Compiled the largest 3D map in the universe. She caught a giant spider web
Astronomers offer a unique insight into the depths of space billions of light-years away.
Looking at the three-dimensional animation of the space map created by the Dark Energy Spectroscopic Instrument (DESI) highlights the gigantic dimensions of the universe. The image captures more than seven million galaxies in the direction of the Virgo constellation 5.8 billion light-years from Earth.
3D map of the area from the Sloan Digital Sky Survey Project. The earth is trapped in the lower left corner. | Source:
Lawrence Berkeley (Berkeley Lab), the US National Operator for DESI, has published his own map animation. Server. What can be read from the detailed map itself?
“It simply came to our notice then. On the 3D map you can see large clusters, filaments and compartments in Galaxy Layout. They are the largest structure in the universe. On the map you will find the imprint of the early universe and the history of its expansion, “The server quotes New Atlas Julian Guy, an astronomer working on the DESI project.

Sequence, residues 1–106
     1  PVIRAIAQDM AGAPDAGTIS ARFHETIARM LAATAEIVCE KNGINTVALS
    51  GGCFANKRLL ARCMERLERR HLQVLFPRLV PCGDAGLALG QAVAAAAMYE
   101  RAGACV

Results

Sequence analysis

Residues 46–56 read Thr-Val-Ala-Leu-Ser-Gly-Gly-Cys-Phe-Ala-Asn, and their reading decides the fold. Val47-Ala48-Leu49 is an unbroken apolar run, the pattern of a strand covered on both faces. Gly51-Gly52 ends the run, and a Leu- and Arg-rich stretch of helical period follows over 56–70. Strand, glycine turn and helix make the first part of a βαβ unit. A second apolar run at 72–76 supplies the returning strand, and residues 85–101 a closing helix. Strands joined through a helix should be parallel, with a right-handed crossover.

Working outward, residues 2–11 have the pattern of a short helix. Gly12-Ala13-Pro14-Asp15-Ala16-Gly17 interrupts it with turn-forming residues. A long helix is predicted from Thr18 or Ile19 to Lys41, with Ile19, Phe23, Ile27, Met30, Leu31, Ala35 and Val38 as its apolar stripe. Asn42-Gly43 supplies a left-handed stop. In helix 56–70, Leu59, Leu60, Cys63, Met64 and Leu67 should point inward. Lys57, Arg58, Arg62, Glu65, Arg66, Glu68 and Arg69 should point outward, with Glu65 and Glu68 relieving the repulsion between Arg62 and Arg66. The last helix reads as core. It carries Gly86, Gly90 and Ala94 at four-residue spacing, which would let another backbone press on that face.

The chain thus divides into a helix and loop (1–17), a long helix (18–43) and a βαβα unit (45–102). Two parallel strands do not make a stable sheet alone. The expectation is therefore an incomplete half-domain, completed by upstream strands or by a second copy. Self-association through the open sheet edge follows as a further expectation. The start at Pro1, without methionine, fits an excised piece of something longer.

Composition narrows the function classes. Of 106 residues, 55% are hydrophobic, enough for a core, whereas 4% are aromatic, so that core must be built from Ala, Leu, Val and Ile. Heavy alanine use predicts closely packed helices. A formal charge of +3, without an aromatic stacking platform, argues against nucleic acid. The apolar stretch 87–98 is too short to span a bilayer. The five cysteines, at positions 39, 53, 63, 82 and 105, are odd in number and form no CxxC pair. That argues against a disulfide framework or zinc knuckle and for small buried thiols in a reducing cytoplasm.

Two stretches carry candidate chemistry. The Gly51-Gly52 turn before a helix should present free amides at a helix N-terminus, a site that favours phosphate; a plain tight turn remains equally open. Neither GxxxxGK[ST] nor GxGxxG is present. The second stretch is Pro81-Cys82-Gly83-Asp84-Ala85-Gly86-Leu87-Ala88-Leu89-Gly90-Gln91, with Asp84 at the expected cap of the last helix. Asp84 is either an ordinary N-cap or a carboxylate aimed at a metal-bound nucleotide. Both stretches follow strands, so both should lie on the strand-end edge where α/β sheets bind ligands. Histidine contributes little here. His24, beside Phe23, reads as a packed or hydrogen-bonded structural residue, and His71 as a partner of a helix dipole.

A look into the alien distances of space
Located on the Kit Peak Mayal Telescope in Arizona, DESI captures light from space and transmits it through lenses to ten spectrographs via optical cables controlled by 5,000 robotic positioners. These instruments divide light into a frequency spectrum and analyze its colors.
The analysis is based on the expansion and redshift of the universe, i.e. the knowledge that light from distant galaxies extends – Its wavelength changes to the red end of the spectrum. Simply put, even more red galaxies are far away from us. This effect is also noticeable on the map.
Signs of the stars above the Mayal telescope. | Source:
“DESI is really good because it picks up faint and red objects that we have never seen before, and we find many foreign systems that we could not study in detail before,” said Victoria Fawcett, an astronomer at the University of Durham on the Web. Berkeley Lab.
The map and its animations were created in 2021 during the first seven months of DESI’s operation. By the end of the project in 2026, astronomers will have mapped more than 35 million galaxies, extending up to 11 billion light-years.
This database brings to light new mysteries about galaxies, black holes, quasars, and dark energy – a mysterious force that is accelerating the expansion of the universe.
The main goal of the DESI project is to reveal the secrets of dark energy, which makes up 68 percent of the universe’s mass and energy.
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